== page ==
Shape Up to Ship Out – How to Clean Up Your Source Documentation for Effective Localization

Creating good technical documentation requires the ability to apply structure and clarity to complex information. Even when various quality checks have been performed, the act of translating the documentation often uncovers a variety of problems. Content that is poorly prepared for localization into one or even more languages typically ends up costing more time and money.

Let’s have a look at two possible scenarios and see which one produces the best results.

Reactive: The documentation has been written, product shipment is imminent.

Writer: Hey, can you translate this manual for me?
Translator: Sure, when do you need it by?
Writer: Uhm, yesterday, but if you can do it by Friday that would be great.
Translator: How long is it?
Writer: Not long, 45 pages. Here’s the printout.
Translator: Uhm, do you have an electronic copy?
Writer: Sure, I’ll send you the PDF.
Translator: Uhm, what program was it created with? Do you have the original files?
Writer: Oh, I’m not normally allowed to give you those!
Translator: Well, I’m kind of busy, I can find someone on trans-it (an online translator marketplace) to translate it and I can look over it if I have time.

The following Friday at 5:30 pm …
Translator: Well, here you go, straight from India.
Writer: Great, thanks! I was beginning to wonder if you’d make the deadline. Err … the interface terms in the manual don’t seem to match the interface. Hmm … and that’s strange. This part of the text is a lot different from the online help that the developers had translated last month.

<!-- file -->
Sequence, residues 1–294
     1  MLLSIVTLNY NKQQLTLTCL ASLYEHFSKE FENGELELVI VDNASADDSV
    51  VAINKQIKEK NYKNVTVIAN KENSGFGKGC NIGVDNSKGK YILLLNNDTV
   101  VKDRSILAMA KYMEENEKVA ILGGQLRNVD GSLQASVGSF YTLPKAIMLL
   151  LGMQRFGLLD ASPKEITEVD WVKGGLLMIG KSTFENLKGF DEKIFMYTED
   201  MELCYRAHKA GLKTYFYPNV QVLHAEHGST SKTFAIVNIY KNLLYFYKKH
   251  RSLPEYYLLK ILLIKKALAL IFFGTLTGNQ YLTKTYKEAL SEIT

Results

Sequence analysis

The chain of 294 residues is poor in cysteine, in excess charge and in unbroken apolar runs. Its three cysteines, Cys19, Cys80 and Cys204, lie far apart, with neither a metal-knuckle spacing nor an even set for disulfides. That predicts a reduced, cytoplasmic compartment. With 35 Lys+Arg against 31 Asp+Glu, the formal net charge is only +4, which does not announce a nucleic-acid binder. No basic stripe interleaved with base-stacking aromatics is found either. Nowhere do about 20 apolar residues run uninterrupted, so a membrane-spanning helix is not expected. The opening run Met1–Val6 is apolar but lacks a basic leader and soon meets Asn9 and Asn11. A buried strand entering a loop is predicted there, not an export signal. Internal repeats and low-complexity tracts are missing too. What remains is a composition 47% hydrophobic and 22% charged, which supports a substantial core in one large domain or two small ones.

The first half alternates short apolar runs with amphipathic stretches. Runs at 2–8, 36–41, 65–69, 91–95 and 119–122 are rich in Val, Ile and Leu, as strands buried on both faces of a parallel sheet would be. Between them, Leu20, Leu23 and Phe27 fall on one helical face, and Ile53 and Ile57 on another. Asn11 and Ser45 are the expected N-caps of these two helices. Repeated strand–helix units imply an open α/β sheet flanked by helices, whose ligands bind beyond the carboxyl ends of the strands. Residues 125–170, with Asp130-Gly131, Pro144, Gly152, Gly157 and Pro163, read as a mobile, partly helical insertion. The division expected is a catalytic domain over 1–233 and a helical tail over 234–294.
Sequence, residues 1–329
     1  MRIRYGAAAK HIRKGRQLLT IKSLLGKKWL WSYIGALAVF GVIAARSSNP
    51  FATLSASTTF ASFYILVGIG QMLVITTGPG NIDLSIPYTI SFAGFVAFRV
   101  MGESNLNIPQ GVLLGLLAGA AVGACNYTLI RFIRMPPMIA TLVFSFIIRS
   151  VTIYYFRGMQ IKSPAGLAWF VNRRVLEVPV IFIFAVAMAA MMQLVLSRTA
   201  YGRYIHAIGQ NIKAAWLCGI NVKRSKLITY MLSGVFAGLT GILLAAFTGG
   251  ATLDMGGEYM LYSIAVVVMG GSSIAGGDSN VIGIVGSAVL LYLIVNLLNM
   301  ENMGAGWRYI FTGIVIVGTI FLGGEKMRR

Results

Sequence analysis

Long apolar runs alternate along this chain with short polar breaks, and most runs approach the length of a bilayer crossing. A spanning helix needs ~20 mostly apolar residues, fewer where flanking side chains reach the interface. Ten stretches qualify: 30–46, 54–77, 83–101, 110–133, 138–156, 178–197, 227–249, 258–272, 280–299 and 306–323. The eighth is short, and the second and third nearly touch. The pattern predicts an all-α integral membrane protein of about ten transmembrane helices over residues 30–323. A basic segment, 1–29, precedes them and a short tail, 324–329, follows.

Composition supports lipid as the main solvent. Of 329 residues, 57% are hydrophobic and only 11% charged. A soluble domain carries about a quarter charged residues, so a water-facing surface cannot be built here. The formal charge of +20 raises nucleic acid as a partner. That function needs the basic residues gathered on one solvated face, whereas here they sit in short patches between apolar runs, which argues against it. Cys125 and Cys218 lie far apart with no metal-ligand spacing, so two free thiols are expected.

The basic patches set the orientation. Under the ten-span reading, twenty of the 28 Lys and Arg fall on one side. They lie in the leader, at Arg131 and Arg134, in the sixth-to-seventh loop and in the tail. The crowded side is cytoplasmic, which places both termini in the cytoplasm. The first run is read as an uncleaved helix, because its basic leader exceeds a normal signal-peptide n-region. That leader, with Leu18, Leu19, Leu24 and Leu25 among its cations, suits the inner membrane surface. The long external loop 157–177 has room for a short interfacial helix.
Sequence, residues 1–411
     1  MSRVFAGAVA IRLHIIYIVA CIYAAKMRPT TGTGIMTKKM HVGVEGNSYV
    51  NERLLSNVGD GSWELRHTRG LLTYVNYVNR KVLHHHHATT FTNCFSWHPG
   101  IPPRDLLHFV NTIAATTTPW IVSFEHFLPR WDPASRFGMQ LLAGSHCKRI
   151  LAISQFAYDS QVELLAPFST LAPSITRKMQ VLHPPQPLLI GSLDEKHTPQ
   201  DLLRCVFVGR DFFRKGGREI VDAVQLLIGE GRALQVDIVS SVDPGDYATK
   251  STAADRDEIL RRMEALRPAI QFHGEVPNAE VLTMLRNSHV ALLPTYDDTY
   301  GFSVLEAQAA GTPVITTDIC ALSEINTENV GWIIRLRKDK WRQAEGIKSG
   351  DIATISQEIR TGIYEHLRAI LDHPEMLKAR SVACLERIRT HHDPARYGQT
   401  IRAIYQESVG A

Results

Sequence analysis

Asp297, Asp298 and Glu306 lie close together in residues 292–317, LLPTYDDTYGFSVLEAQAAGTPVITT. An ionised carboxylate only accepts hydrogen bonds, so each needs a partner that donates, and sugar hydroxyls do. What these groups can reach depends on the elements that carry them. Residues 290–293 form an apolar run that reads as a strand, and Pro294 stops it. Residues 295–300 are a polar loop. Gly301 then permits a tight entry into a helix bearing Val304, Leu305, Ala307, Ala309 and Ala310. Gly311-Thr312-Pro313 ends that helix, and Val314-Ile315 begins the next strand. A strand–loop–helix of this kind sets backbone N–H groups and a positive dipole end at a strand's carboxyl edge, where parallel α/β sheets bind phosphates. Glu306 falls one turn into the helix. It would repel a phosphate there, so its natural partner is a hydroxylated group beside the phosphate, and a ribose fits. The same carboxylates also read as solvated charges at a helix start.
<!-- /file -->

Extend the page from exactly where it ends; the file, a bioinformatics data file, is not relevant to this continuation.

Translator: You created an online help, too, …

What went wrong here?

  • No advance notice was given to the translator.
  • No terminology was agreed on.
  • The deadline was too short.
  • The translation estimate was based on a printout of just the manual.

Risks of this process include:

  • Complaints about poor quality
  • Improper translation of the interface
  • Incorrect formatting
  • Additional time for proofing the translation
  • No possibility of reuse for updates

How can this process be optimized to help make translation run as smoothly as possible?

Proactive: The documentation of a new product has just started.

Writer: Hey, we are working on a new product, and will probably need the documentation in English and maybe later in Finnish and Japanese.
Translator: Sure, when are you planning on shipping the product?
Writer: In approximately three months; I’ve just started work on the user interface.
Translator: Have you defined the terminology?
Writer: A lot of the terminology will be based on the interface. Actually, the developers are going to give me a demonstration of the tool on Wednesday. Would you also like to take part in the meeting?
Translator: I’d love to. Do you already know what output media you’re going to use: manual or an online help?
Writer: Both. We’re going to complete the online help first, and we will probably reuse about 40% of the content created for the online help in the manual.
Translator: Okay, then I need to what authoring tools you’re using … and which versions? If you could let me have the source files as soon as they’re ready, that’d be great …
Writer: Of course, I don’t know how you are going to do it otherwise! I’ll send you a mail with all the information I think you need to have. Just let me know if anything’s missing. Should we prepare the files for you in any special way?
Translator: Well, I can write you a list of points to consider. If you have any background information about the planned product, then I can read through it before the meeting on Wednesday and begin with the terminology research …

Three months later …
Translator: Now that the online help has been translated, can I start translating the manual?
Writer: We’ve made the last few changes so you can start any time. Any idea how long it will take?